The needs of the business are always the first focus of a strategic Knowledge Management system. When implementing a new KM system, the needs and goals of the community of users are the first to be identified. This leaves the business free to figure out which technology-enabling solutions will support those needs and goals, rather than allowing the technology solutions to determine the outcomes.

5. More Explicit Knowledge

Much knowledge within an organization implied or tacit knowledge, essentially what people know rather than what is searchable or resusablewhich is not always easy for users to grasp or make use of in an efficient and consistent way. With an effective KM model in place, organizations are better prepared to capture critical project, team and departmental knowledge through more explicit mediums such as success stories and user stories. This shift from implicit to explicit knowledge ultimately makes key data resources more discoverable and reusable.

6. Specified Team Roles

Knowledge Management efforts also typically encourage more specific types of roles for key teams, which ultimately serves to advance knowledge management. These include such critical roles as Knowledge Manager, Community or Team Administrator, Power Users and others. When everyone knows what their role is within the organization and its Knowledge Management system, they can focus more keenly on their tasks and responsibilities with efficient access to the information they need to be successful.

7. Top-Down Support Structures

Knowledge Management efforts not only encourage top-down support, but this kind of support is absolutely necessary to make the Knowledge Management system work. With a top-down support structure, managers at all levels lead by example, participate in various Knowledge Management communities and strive to keep teams organized in such a way that best meets the business’ ideal outcomes.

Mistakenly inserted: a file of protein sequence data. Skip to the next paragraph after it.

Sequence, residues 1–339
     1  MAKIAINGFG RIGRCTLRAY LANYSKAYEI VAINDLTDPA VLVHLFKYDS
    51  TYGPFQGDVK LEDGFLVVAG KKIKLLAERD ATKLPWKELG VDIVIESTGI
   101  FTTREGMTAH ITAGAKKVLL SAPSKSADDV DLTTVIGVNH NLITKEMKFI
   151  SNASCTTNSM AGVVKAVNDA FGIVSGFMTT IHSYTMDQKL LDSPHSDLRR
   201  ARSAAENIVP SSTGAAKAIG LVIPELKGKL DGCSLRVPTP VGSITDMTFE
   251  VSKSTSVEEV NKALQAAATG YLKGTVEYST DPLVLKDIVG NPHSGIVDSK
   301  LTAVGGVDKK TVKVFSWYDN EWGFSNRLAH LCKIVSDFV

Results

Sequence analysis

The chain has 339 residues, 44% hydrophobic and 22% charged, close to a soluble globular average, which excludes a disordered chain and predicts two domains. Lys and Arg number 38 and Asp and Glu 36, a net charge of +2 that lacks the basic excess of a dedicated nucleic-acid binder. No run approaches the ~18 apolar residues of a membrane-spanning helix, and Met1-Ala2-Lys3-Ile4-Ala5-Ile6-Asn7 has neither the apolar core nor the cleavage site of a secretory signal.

8. Optimized Technology Investments

Last but not least, your organization can look forward to optimized technology investments after implementing a comprehensive KM strategy. Knowledge Management efforts optimize investments in technology by avoiding the old adage that “technology is the solution.” This kind of attitude only serves to allow technology to determine business outcomes. In a more efficient system, technology resources will be configured as tools to enable the business to meet its very specific set of outcomes, rather than determining them altogether.

 

Jim Kane

Jim Kane

Connect with me on 

Jim Kane is the Director of Collaboration and Knowledge Management (KM) at Paragon Solutions. Jim leads the KM practice with a focus on knowledge management and SharePoint-based solutions that support day-to-day business optimization via virtual problem solving, communities of practice, knowledge repositories, role-based communication portals, partner collaboration, and information dashboards. He is co-author of a patent, “Methods of Knowledge Management,” and has over 15 years of experience teaching at the college level as an adjunct instructor. Jim has presented at numerous regional and national conferences on the topics of Knowledge Communities, Adoption Strategies for SharePoint, and Global SharePoint deployments.

View Comments